Patient Education

To help you understand and navigate through your orthopedic health decisions, we have created a patient education section. Please select from one of the categories below to learn more about your condition or procedure.
Patellar Tendon Tear

A patellar tendon tear is a serious injury that occurs when the tendon connecting the kneecap (patella) to the shinbone (tibia) is partially or completely torn. This tendon is crucial for straightening the knee and for activities such as walking, running, and jumping.

Common Symptoms

  • Severe Pain: Sudden and intense pain in the front of the knee.
  • Swelling: Rapid swelling around the knee.
  • Bruising: Bruising may develop around the knee.
  • Inability to Straighten the Knee: Difficulty or inability to extend the knee or straighten the leg.
  • Indentation: A visible gap or indentation just below the kneecap.
  • Patella Movement: The kneecap may move upward (high-riding patella) if the tendon is completely torn.

Cause & Anatomy

  • Overuse: Repetitive stress or overuse can lead to microtears, weakening the tendon.
  • Direct Trauma: A direct blow to the knee, such as a fall or collision.
  • Jumping or Landing: Sudden and forceful jumping or landing can cause a tear.
  • Degenerative Conditions: Conditions like tendinitis or chronic inflammation can weaken the tendon over time.

The patellar tendon connects the patella to the tibia and works with the quadriceps muscle to extend the knee. It is a strong and thick band of tissue essential for knee stability and function.


  • Medical History and Physical Examination: Assessment of symptoms, medical history, and physical examination of the knee.
  • X-rays: To check for patellar position and rule out bone fractures.
  • MRI: Provides detailed images to confirm the extent of the tear and assess soft tissue damage.
  • Ultrasound: Can visualize the tear and evaluate the integrity of the tendon.


  • Proper Warm-up: Ensuring adequate warm-up before engaging in physical activities.
  • Strength Training: Strengthening the quadriceps and other muscles around the knee.
  • Flexibility Exercises: Regular stretching to maintain flexibility in the knee and surrounding muscles.
  • Avoid Overuse: Gradually increasing activity levels to avoid overuse injuries.
  • Proper Technique: Using proper techniques during physical activities and sports.

Non-Surgical Treatment

  • Rest: Avoid activities that stress the knee.
  • Ice and Compression: To reduce pain and swelling.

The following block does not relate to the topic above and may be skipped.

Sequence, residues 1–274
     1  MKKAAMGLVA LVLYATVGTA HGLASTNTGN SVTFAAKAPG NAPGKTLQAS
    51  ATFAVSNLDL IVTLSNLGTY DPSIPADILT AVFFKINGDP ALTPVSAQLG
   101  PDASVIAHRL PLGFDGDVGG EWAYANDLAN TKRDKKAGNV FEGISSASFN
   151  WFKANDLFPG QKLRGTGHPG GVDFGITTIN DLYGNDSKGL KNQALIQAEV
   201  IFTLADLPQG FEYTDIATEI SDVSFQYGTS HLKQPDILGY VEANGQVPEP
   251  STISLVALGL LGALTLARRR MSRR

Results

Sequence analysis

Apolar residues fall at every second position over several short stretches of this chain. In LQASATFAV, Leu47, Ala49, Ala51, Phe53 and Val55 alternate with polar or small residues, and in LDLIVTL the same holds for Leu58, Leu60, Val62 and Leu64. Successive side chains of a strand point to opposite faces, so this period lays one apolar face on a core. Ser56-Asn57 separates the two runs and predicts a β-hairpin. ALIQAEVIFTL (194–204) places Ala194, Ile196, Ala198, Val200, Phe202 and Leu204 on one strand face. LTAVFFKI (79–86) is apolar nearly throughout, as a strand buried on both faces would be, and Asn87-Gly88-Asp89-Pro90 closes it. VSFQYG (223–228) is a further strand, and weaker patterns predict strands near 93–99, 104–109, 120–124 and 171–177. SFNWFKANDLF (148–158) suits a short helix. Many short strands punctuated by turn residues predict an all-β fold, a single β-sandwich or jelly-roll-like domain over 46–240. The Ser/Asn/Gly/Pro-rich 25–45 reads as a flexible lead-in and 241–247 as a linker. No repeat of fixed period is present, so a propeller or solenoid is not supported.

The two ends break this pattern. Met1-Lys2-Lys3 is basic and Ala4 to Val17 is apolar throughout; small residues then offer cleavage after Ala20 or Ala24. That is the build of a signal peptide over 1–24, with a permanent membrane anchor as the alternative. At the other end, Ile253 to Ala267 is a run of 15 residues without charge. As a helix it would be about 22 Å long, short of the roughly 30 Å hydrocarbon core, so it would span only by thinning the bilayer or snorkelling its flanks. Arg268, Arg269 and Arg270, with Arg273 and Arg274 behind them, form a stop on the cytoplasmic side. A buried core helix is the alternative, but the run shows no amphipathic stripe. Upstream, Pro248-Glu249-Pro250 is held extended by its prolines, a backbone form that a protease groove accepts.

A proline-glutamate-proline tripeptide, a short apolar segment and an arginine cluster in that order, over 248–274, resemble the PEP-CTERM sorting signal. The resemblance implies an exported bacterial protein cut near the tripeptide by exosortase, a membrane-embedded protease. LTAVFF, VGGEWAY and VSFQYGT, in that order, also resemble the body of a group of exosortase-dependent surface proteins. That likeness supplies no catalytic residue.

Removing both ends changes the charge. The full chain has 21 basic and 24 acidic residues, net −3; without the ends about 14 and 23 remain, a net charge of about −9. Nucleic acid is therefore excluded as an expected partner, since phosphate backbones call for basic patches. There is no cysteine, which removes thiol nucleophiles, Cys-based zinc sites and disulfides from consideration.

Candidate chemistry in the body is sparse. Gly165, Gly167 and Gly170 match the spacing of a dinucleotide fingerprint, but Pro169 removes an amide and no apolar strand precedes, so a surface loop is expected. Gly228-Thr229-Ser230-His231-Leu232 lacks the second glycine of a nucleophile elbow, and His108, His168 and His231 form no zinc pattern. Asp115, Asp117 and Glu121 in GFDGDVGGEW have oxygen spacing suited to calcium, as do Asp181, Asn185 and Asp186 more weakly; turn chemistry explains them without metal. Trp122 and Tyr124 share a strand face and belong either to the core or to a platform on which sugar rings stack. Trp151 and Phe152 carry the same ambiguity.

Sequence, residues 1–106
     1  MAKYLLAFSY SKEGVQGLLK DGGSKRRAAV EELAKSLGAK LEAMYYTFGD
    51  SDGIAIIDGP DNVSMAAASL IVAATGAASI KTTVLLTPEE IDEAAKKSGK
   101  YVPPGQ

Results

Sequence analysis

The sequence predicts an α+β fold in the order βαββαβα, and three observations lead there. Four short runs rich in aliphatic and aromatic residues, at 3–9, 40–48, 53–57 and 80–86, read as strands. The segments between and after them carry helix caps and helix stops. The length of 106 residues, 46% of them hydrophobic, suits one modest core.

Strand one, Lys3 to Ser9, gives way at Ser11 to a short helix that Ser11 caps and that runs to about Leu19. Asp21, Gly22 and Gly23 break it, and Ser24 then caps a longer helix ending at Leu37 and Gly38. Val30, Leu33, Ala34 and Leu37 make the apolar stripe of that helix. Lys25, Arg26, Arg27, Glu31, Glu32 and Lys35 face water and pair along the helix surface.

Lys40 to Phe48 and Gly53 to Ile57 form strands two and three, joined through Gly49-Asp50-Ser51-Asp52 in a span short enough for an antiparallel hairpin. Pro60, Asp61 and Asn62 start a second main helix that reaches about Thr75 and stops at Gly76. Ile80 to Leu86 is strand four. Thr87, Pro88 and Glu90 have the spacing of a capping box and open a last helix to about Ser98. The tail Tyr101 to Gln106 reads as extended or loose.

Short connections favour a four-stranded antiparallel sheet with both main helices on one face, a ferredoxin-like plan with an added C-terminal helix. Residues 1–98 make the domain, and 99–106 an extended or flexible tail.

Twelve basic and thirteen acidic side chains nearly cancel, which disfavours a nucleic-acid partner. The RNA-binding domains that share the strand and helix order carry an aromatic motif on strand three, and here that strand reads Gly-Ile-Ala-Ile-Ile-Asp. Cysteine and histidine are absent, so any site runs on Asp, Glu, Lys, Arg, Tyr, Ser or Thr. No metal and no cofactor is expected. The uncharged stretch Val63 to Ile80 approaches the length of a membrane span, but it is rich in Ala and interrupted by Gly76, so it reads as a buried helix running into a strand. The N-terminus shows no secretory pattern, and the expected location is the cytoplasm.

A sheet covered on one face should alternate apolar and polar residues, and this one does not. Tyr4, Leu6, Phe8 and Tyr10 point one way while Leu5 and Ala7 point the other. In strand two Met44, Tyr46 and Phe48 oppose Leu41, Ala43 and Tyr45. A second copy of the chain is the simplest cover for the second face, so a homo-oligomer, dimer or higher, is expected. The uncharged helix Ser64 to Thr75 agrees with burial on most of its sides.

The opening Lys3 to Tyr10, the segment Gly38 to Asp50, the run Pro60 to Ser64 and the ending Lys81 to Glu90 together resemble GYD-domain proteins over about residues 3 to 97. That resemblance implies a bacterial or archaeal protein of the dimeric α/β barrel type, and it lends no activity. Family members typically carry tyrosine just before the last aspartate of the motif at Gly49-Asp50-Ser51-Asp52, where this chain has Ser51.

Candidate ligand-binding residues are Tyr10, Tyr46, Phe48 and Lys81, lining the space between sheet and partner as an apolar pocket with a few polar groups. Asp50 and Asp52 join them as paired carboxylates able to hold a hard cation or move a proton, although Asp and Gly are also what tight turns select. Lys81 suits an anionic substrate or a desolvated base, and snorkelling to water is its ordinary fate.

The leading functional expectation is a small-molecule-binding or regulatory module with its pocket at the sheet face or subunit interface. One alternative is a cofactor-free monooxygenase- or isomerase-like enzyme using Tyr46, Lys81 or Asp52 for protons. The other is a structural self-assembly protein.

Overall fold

• Brace or Immobilizer: To support the knee and limit movement.
  • Physical Therapy: Exercises to restore strength and flexibility.

Surgical Treatments

  • Primary Repair: Suturing the torn tendon back together.
  • Tendon Graft: In cases where the tendon is severely damaged, a tendon graft may be used to repair the tendon.


Initial Phase:

  • Immobilization: Keeping the knee in a brace or immobilizer to allow healing.
  • Pain Management: Using medications and ice to manage pain and swelling.

Physical Therapy:

  • Range of Motion Exercises: Gradual exercises to restore knee movement.
  • Strengthening Exercises: Progressive strengthening of the quadriceps and surrounding muscles.
  • Functional Training: Exercises to restore normal knee function and movement patterns.

Return to Activity:

  • Gradual return to normal activities and sports, following the guidance of a physical therapist and physician.


How long does it take to recover from a patellar tendon tear?
Recovery time varies but typically ranges from 6 months to a year, depending on the severity of the tear and the treatment approach.

Can a partial patellar tendon tear heal without surgery?
Yes, partial tears can often heal with conservative treatment, including rest, bracing, and physical therapy.

What are the risks of not treating a patellar tendon tear?
Untreated tears can lead to chronic pain, instability, and loss of knee function, potentially causing long-term disability.

Can I return to sports after a patellar tendon tear?
Many individuals return to sports after proper treatment and rehabilitation, but it depends on the severity of the tear and the success of the rehabilitation program.

What is the difference between a patellar tendon tear and patellar tendinitis?
A patellar tendon tear is a rupture of the tendon, whereas patellar tendinitis is inflammation of the tendon due to overuse.

How can I prevent a patellar tendon tear from recurring?
Prevent recurrence by maintaining strong and flexible muscles around the knee, using proper techniques in sports, and avoiding sudden increases in physical activity.

Are there any complications associated with patellar tendon tear surgery?
Complications can include infection, stiffness, re-rupture, and complications related to anesthesia. Proper post-surgical care and rehabilitation are crucial to minimize risks.

What are the signs that I might need surgery for a patellar tendon tear?
Signs include a complete inability to straighten the knee, significant pain and swelling, and a visible gap or indentation below the kneecap. An MRI can confirm the extent of the tear.

Can patellar tendon tears affect both knees?
While it typically affects one knee, factors like overuse and underlying conditions can increase the risk for both knees.

What kind of brace is recommended after a patellar tendon tear?
A knee immobilizer or hinged knee brace is often recommended to provide stability and limit movement during the initial healing phase.

Patellar tendon tears require prompt and appropriate treatment to ensure the best possible outcome. Early diagnosis, followed by proper treatment and rehabilitation, is essential for restoring knee function and returning to normal activities. If you suspect a patellar tendon tear, seek medical attention immediately for an accurate diagnosis and tailored treatment plan.

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